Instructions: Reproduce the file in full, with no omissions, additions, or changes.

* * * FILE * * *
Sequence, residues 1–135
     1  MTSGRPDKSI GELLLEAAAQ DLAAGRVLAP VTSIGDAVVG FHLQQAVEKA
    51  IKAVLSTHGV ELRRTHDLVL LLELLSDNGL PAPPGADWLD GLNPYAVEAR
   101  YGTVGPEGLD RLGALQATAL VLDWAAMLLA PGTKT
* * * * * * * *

Sequence, residues 1–135
     1  MTSGRPDKSI GELLLEAAAQ DLAAGRVLAP VTSIGDAVVG FHLQQAVEKA
    51  IKAVLSTHGV ELRRTHDLVL LLELLSDNGL PAPPGADWLD GLNPYAVEAR
   101  YGTVGPEGLD RLGALQATAL VLDWAAMLLA PGTKT